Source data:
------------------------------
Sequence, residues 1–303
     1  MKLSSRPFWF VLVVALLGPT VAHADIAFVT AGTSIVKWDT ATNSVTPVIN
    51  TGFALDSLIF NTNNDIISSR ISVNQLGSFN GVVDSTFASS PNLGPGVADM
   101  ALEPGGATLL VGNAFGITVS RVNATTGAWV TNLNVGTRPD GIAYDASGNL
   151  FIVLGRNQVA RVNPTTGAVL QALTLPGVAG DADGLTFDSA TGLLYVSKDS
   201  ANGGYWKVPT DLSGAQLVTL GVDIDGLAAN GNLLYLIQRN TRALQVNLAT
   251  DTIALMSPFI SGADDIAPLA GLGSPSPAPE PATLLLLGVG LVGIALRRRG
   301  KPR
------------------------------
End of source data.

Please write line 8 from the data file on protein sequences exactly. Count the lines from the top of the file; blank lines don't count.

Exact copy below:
   301  KPR